~ Joanna Macy, from the preface to Rilke’s Book of Hours: Love Poems to God, translated by Anita Barrows and Joanna Macy

I am the one whose praise echoes on high.
I adorn all the earth.
I am the breeze that nurtures all things green.
I encourage blossoms to flourish with ripening fruits.
I am led by the spirit to feed the purest streams.
I am the rain coming from the dew
that causes the grasses to laugh with the joy of life.
I am the yearning for good.

~ Hildegard Von Bingen

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Posted in A bit of history, Air, Art, Autumn, Beach, Earth, Eastern Shore, Fire, Gifts, Heartfulness, Listening, Mindfulness, Nature, Photography, Poetry, Portals & Pathways, Quotes, Sky, Spirit, Water, Wonder

Something beautiful on a Sunday morning

A sunset from the past week.

Is giorra cabhair Dé ná an doras.
Divine help is closer than the door.
(Celtic proverb)

If you have a few moments, please watch Blessings, a short film, at Emergence Magazine.  There are no ads, no spamming of any sort.  It’s a beautiful reading of part of David Whyte’s Blessings poems.

Posted in Air, Assateague Island, Autumn, Beach, Change, Covid-19, Critters, Cycling, Earth, Eastern Shore, Exploring, Gifts, Gratitude, Heartfulness, In these strange times, Life, Listening, Maryland, Mindfulness, Nature, Quotes, Spirit, Walking & Wandering, Walktober, Water, Weather

A Monday meander: All over the place

Rising.

We do not know how this pandemic will change our lives, change the scenery of our world. For how long will “social distancing” remain? Will we ever return to cheap crowded flights? How long and desperate will the food lines get? It is as if someone has pulled the thread that held it all together, even as we struggle to “return to normal.” But the question is, what story are we trying to tell ourselves? Or are we between stories, in a state of unknowing and insecurity? What are our dreams telling us, what is the message of our hearts? As Leonard Cohen sings, “There is a crack in everything, That’s how the light gets in.” Is this a moment when the light can come in through the cracks, through the structures in our civilization that have been shown to fail?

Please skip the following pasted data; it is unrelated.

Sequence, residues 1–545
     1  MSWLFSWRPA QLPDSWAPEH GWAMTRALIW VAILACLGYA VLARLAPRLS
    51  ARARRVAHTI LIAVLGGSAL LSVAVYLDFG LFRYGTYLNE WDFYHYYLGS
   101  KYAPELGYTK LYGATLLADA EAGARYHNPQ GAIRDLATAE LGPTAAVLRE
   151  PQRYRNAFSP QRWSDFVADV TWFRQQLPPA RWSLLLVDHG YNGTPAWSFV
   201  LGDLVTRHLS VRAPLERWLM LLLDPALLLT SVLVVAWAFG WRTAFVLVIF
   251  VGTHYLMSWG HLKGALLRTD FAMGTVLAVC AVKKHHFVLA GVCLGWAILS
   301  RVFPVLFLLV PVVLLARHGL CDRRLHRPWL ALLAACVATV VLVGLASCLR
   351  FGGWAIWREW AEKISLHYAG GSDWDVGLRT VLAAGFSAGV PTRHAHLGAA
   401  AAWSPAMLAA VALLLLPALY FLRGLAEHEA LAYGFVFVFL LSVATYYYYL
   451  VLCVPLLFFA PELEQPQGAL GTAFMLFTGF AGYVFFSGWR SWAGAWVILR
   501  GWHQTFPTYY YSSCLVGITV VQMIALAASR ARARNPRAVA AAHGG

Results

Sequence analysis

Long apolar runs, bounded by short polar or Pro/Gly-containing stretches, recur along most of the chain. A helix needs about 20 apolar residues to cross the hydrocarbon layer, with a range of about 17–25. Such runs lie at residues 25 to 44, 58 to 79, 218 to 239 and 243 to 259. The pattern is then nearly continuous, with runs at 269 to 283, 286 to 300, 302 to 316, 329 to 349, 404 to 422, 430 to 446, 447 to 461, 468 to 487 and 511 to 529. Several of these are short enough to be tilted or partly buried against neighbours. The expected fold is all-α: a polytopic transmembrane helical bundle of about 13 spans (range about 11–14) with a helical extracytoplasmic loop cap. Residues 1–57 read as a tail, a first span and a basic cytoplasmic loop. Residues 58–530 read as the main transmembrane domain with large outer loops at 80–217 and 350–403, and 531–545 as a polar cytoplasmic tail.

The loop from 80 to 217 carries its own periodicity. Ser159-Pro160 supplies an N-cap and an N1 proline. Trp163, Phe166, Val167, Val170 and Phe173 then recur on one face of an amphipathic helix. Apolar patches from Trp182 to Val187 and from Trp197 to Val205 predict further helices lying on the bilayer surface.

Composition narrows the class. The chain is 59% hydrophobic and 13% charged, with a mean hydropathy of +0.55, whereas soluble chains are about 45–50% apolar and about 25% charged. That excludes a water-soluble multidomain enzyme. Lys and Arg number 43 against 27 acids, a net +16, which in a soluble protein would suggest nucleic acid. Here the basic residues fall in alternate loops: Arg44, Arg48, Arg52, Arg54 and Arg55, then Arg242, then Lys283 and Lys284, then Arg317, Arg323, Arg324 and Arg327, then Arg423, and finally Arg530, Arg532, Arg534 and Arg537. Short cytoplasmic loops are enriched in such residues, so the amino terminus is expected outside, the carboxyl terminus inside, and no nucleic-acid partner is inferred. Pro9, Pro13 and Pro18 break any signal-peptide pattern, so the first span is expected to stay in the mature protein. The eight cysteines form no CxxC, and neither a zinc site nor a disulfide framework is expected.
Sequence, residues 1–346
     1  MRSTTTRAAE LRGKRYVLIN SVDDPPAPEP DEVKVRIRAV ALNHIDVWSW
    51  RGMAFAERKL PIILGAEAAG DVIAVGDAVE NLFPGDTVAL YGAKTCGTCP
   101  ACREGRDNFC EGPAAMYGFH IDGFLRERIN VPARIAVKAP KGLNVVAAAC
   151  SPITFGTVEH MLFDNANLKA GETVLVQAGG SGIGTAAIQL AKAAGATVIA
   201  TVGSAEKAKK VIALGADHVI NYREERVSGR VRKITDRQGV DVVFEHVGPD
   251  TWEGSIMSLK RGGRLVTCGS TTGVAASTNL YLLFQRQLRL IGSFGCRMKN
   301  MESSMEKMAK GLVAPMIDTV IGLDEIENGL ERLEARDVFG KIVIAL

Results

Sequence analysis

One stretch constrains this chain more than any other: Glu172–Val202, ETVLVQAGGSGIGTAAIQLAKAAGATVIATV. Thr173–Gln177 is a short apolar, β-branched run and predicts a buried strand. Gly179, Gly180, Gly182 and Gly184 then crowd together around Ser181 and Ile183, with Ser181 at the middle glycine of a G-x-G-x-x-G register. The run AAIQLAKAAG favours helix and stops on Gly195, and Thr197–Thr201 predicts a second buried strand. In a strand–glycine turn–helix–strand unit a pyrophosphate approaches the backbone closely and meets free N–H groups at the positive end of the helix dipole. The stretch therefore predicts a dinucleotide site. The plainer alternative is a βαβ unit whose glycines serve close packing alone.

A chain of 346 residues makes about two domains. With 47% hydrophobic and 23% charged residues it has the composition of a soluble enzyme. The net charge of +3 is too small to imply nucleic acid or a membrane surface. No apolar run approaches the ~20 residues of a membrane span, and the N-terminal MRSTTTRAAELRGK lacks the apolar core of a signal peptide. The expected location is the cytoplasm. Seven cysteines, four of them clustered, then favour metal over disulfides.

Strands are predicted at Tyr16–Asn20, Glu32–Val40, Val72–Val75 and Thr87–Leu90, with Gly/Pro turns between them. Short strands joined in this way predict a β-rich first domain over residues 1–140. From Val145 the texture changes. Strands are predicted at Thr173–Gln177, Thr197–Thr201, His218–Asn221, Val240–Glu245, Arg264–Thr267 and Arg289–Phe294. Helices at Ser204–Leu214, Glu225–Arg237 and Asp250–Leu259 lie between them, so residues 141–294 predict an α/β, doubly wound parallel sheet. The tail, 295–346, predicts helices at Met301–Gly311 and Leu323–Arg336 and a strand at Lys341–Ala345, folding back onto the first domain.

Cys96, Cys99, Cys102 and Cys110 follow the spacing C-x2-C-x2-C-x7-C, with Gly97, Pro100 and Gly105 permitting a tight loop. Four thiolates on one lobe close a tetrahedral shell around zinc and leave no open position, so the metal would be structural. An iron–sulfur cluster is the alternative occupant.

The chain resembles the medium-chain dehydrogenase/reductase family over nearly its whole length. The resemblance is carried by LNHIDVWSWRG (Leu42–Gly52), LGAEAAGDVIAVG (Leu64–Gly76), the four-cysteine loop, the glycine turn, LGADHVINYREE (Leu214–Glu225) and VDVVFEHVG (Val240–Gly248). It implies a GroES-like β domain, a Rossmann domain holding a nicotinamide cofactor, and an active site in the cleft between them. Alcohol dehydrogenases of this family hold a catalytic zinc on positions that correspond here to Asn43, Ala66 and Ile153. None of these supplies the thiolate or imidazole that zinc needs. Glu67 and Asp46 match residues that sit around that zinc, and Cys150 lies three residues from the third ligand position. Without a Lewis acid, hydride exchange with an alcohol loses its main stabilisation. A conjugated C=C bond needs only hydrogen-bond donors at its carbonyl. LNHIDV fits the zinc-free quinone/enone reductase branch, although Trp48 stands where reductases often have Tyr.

~ Llewellyn Vaughan-Lee

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NOT the Official Walktober Post

Golden light.  (An old shot from October of 2011.)

This is not a season
but a pause
between one future & another,
a day after a day,
a breathing space before death,
a breathing, the rain

throwing itself down out of the
bluegrey sky, clear joy.

~ Margaret Atwood, from Rain

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Smoke on the water

Sign of the times.

History has the cruel reality of a nightmare, and the grandeur of man consists in his making beautiful and lasting works out of the real substance of that nightmare. Or, to put it another way, it consists in transforming the nightmare into vision; in freeing ourselves from the shapeless horror of reality – if only for an instant – by means of creation.

~ Octavio Paz

I think of the trees and how simply they let go, let fall the riches of a season, how without grief (it seems) they can let go and go deep into their roots for renewal and sleep…. Imitate the trees. Learn to lose in order to recover, and remember that nothing stays the same for long, not even pain, psychic pain. Sit it out. Let it all pass. Let it go.

~ May Sarton, Journal of a Solitude